The number of jobs in Canada fell by 88,000 in January, ending the economy’s 17-month streak of job gains, Statistics Canada said Friday.
The overall number was dragged down by a loss of 137,000 part-time positions in what was easily the category’s largest one-month collapse since the agency started gathering the data in 1976.
Full-time jobs, on the other hand, were up a healthy 49,000, pushing the national unemployment rate up to 5.9 per cent in January, from a revised 5.8 per cent the previous month, Statistics Canada’s latest jobs survey said.
After a record-breaking string of gains, Canada’s job market was due for a pullback, said James Marple, TD senior economist.
“This is a big number on the surface, but so were the gains over the previous several months,” Marple wrote in a research note.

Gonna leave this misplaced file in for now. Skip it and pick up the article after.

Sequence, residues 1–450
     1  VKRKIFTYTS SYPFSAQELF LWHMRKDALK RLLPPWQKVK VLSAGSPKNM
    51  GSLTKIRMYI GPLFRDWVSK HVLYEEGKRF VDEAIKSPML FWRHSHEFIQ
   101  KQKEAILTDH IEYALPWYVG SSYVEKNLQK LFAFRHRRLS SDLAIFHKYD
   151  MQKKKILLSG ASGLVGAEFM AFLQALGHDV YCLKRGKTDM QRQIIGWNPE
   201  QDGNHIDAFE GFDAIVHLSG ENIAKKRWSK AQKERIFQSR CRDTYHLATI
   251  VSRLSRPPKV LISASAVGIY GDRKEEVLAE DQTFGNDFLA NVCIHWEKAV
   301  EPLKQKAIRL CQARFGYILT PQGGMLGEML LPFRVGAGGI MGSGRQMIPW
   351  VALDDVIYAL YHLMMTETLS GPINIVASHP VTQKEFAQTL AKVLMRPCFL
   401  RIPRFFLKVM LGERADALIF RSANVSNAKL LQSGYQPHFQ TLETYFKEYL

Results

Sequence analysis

“All told, this does not change the story for the Canadian economy much. The unemployment rate is still low with the economy remaining close to full employment.”
The largest employment declines were in Ontario and Quebec. Ontario, which increased its minimum wage in January, was the biggest loser in January, shedding 50,900 jobs in the month. Despite the drop, Ontario’s unemployment edged down ever so slightly (to 5.5 per cent) as 54,800 people left the labour force.
Quebec’s economy lost 17,300 jobs and the unemployment rate reversed the prior month’s decline, moving back up to 5.4 per cent from a record-low of 5.0 per cent in December.
There were also decreases in New Brunswick and Manitoba, the agency said.
With files from The Canadian Press